NTSB Zeros in on Mechanical Issues in Teterboro Jet Crash

WASHINGTON (AP) -- Federal investigators say the plane that crashed near Teterboro Airport last month may have been too nose-heavy to take off.

The National Transportation Safety Board updated its investigation of the Feb. 2 crash in which a jet shot off the runway and across busy Route 46 before crashing into a warehouse.

No one was killed, but 20 people were injured in the accident, including the driver of one of two cars hit by the plane.

In the update, the NTSB said the plane's weight distribution may have contributed to the crash. Investigators found the jet's center of gravity ''to be well forward of the allowable limit,'' though they haven't said why.

When that happens, the plane won't take off, said Denny Lassard, chairman of Safety Science Department at Embry-Riddle Aeronautical University in Prescott, Ariz.

The plane contained full or nearly full fuel tanks, a passenger load at or near capacity, and few pieces of luggage when it crashed. Those factors and the plane's cabin configuration all affect how its weight is distributed, the report said.

Pilot John Kimberling told investigators in the days after the crash that when he tried to lift the nose of the aircraft, the controls appeared to jam and the plane would not respond, forcing him to make a split-second decision to abort takeoff.

Investigators made their updated assessment after weighing contents recovered from the wrecked plane and viewing video recordings obtained from the Port Authority of New York and New Jersey.

The report also ruled out icing as a possible cause of the accident.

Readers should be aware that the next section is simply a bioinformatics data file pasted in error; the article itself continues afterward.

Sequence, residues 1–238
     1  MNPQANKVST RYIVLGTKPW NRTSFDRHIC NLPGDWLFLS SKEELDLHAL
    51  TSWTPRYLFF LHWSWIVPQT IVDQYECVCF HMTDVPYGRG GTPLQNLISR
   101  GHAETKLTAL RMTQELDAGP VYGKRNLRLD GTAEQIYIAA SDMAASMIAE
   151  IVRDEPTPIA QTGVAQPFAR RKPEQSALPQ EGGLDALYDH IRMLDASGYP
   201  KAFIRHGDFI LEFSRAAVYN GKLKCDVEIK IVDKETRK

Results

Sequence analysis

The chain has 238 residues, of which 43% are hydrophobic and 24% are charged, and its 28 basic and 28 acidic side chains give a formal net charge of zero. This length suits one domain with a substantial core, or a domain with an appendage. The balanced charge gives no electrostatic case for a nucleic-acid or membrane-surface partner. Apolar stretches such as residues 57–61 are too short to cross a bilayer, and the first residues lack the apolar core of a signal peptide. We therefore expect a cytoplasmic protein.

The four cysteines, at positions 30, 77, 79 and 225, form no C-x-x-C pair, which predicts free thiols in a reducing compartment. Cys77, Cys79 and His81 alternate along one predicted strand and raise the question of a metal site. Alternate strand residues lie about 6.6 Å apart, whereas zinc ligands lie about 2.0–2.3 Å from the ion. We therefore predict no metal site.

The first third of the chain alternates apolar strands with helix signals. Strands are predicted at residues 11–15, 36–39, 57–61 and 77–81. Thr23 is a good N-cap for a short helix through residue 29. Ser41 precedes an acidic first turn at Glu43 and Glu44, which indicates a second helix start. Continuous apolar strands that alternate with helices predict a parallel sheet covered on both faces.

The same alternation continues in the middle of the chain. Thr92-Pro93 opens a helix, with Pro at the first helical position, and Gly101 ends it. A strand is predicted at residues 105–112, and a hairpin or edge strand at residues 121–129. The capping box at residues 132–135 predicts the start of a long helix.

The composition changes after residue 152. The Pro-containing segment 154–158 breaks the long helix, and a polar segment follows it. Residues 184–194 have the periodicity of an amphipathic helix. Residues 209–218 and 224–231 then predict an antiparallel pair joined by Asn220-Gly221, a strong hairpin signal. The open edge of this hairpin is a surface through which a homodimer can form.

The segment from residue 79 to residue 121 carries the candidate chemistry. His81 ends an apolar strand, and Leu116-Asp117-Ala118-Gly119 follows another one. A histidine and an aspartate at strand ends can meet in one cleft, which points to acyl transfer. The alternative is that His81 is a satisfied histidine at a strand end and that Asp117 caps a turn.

Safety board spokesman Keith Holloway said the agency is continuing to look at several factors that may have caused the crash.

The autopilot and pitch control systems will continue to be studied, according to the report.

It often takes more than a year before the NTSB makes a final determination of the cause of a plane crash.

There has been serious fallout from the crash. Earlier this month, the Federal Aviation Administration grounded Platinum Jet Management, the company that hired the flight crew. The agency said the Fort Lauderdale, Fla., company may be unqualified to fly passengers and that it had failed to comply fully with FAA requests for documents.

On Wednesday, the FAA also grounded Darby Aviation, known as AlphaJet, saying that it improperly allowed Platinum Jet to handle the flight. AlphaJet, based in Muscle Shoals, Ala., maintains the action is ''completely unfounded, and we're going to challenge it,'' said its lawyer, Mark McDermott.

The FAA also has approved a $500,000 grant to study safety improvements at Teterboro Airport, a busy airport for corporate jets taking passengers to and from New York.

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